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What We Read Today 14 April 2015

Econintersect: Every day our editors collect the most interesting things they find from around the internet and present a summary "reading list" which will include very brief summaries (and sometimes longer ones) of why each item has gotten our attention. Suggestions from readers for "reading list" items are gratefully reviewed, although sometimes space limits the number included.

This feature is published every day late afternoon New York time. For early morning review of headlines see "The Early Bird" published every day in the early am at GEI News (membership not required for access to "The Early Bird".).


Every day most of this column ("What We Read Today") is available only to GEI members.

To become a GEI Member simply subscribe to our FREE daily newsletter.

The Chinese Economy Is Sputtering, So Why Are China's Stocks Soaring? (Bruce Einhorn, Bloomberg Business)  IPO prices are 'completely nonsensical,' says one observer—that is, way too low.  But exports are collapsing, the manufacturing sector is weak, real estate is falling in price and markets that have prospered by exporting commodities to China are contracting as China cuts imports.  So why is the Shanghai market up almost double?  This article says that the Chinese are under invested in equities compared to other top economies.  But there are other reasons as well, discussed today in the members only section.

Subscribe to our FREE daily newsletter to become a GEI Member and access What We Read Today with the newsletter every day at 6:06 pm New York time.

Articles about events, conflicts and disease around the world


  • Oil-Rich Nations Are Selling Off Their Petrodollar Assets at Record Pace (Bloomberg Business)  Oil producers are sucking liquidity out of global markets as they sell off their foreign reserves to fund domestic consumption which has become accustomed to higher oil prices.  Similar problems will arise as other commodity producers face similar problems from falling prices.  Econintersect:  You've heard of virtuous cycles where expansion feeds further expansion?  How about we call this a "virtueless cycle"?
  • Supply or Demand? The IMF Breaks Down the Collapse of Oil Prices (The Wall Street Journal)  Hat tip to Roger Erickson who questions just how valuable the insight the article claims to provide that the decline in oil prices came more from drop in demand, especially in the first few months, than from a supply glut.  More discussion on this below.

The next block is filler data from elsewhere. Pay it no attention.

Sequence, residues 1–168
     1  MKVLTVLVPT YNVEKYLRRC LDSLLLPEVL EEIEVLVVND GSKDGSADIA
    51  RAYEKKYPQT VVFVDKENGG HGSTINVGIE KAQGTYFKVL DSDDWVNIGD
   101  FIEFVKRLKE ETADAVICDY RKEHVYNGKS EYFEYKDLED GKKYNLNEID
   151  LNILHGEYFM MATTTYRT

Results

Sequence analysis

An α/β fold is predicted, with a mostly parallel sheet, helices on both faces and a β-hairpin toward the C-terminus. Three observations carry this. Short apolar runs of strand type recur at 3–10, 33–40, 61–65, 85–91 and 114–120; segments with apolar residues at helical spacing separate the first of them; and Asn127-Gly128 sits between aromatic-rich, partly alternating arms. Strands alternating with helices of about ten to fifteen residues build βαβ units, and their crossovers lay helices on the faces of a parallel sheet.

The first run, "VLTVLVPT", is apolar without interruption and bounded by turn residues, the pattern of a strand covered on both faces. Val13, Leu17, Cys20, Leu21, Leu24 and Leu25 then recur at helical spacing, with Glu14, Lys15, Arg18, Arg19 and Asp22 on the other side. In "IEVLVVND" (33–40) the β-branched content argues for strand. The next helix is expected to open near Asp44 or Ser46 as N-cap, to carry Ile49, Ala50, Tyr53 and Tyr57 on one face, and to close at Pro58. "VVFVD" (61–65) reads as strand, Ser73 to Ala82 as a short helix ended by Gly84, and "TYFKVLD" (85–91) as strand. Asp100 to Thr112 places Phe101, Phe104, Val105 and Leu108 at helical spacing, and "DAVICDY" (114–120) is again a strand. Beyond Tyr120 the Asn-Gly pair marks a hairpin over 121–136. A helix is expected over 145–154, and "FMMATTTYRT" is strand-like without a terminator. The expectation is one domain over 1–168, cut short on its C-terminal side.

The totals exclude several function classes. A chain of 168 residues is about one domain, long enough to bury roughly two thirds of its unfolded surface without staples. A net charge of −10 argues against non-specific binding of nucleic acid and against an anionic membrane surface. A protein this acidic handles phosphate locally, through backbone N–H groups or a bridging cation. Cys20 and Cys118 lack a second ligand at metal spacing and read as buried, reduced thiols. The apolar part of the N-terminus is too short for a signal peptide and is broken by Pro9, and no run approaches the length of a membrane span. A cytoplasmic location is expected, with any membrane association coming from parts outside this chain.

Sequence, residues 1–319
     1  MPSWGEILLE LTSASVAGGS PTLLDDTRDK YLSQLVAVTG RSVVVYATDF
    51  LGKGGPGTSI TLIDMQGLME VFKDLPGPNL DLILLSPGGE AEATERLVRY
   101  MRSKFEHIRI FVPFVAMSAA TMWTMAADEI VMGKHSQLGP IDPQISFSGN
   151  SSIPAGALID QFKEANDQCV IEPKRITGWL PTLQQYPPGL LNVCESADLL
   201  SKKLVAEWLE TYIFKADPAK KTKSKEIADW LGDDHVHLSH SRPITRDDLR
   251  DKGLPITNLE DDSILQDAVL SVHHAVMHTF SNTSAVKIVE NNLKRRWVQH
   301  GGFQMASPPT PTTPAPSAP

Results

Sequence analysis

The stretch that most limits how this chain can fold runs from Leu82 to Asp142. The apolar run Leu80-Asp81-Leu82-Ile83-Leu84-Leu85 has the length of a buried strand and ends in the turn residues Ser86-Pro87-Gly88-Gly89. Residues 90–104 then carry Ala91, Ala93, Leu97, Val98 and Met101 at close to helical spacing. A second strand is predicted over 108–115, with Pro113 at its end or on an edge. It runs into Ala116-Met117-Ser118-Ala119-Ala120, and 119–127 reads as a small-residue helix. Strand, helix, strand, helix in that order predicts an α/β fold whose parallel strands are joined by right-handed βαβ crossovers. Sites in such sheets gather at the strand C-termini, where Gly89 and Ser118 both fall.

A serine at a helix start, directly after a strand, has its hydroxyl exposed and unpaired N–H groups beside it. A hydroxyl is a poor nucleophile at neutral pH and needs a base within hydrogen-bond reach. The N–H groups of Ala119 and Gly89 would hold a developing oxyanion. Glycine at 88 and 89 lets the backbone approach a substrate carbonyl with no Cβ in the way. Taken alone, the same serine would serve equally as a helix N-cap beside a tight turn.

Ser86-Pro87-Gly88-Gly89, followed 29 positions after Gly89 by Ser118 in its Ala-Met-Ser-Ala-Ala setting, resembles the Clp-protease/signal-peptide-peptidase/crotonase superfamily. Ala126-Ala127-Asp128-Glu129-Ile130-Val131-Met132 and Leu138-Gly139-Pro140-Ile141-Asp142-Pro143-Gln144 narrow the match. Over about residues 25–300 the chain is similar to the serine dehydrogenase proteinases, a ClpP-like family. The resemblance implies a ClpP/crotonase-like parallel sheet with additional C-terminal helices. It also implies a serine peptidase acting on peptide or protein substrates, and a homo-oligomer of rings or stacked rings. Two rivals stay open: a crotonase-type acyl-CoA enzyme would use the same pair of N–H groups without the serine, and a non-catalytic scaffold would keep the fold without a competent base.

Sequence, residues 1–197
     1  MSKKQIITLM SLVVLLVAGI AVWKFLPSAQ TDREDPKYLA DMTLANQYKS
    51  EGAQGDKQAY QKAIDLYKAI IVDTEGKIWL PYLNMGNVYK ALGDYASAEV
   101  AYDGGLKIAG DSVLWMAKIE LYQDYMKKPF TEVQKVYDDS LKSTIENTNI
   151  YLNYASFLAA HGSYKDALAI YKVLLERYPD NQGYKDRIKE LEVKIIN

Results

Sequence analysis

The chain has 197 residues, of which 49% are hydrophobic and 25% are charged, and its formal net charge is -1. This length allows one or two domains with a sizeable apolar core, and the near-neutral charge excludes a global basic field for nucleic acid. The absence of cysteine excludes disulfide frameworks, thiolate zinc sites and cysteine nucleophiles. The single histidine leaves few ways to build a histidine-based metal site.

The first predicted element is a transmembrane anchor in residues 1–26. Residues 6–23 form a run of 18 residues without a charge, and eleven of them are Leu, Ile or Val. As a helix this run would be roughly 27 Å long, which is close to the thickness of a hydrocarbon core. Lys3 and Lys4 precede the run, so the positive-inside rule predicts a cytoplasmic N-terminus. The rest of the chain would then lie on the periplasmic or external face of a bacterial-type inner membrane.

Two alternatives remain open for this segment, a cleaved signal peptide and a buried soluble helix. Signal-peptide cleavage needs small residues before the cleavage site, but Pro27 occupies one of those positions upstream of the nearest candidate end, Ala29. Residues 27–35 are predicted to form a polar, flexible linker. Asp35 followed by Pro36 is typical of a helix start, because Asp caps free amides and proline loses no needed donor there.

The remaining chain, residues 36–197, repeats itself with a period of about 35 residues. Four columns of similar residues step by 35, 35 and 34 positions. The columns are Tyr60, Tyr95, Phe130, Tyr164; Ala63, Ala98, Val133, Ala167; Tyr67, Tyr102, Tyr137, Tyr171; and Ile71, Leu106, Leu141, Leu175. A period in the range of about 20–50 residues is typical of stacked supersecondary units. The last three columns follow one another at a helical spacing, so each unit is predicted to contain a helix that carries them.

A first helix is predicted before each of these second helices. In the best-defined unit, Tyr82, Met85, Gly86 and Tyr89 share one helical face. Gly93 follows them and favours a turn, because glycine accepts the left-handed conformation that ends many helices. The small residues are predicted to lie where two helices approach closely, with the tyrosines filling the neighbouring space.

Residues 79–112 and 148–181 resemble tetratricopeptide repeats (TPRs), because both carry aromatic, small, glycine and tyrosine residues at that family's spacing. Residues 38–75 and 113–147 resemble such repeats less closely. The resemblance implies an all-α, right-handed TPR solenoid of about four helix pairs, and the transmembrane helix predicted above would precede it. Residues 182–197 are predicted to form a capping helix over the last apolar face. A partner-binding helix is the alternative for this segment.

• Bond market sees trouble where others see green shoots (CNBC)  Bonds keep showing a bias for lower interest, even when data is up as retail sales were today.
  • NavWeek: Ballistic Bombast (Aviation Week)  Hat tip to Gary.  China may be able to take out an American aircraft carrier with its feared DF-21 antiship ballistic missile (ASBM) without even taking a shot.  For years the U.S. Navy has been warning of the potential of the DF-21 to strike a carrier as part of the justification for updating the systems and networks of shielding carriers.  Now some powerful people in DC are looking to reduce the fleet by a carrier or two in the belief that the DF-21 will make it too dangerous for the ships even to get close to Chinese territorial waters.
  • Don’t Make the Same Tax Mistakes Twice (Bloomberg Business)  Don't miss out on the tax savings you dodn't get this year. Start next year's tax planning now.
  • Labor Department proposes controversial fiduciary rule (Investment News)  The Department of Labor proposed a highly anticipated and controversial rule Tuesday that would require brokers working with retirement accounts to act in the best interest of clients.  This is controversial?  It's long past time to start differentiating stock brokers from used car salesmen.
  • Chris Christie Pushes Means Test for Social Security in New Hampshire (Bloomberg PoliticsChristie wants to take $1 trillion out of the U.S. economy over the next ten years.  He proposes raising Medicare age from 65 to 67, Social Security age from 67 to 69, reducing Social Security for those making $80,000 a year and phasing it out for those making more than $200,000. (Econintersect note:  The bold statement above is ours, not mentioned by Bloomberg or any other mainstream media outlet we have seen.)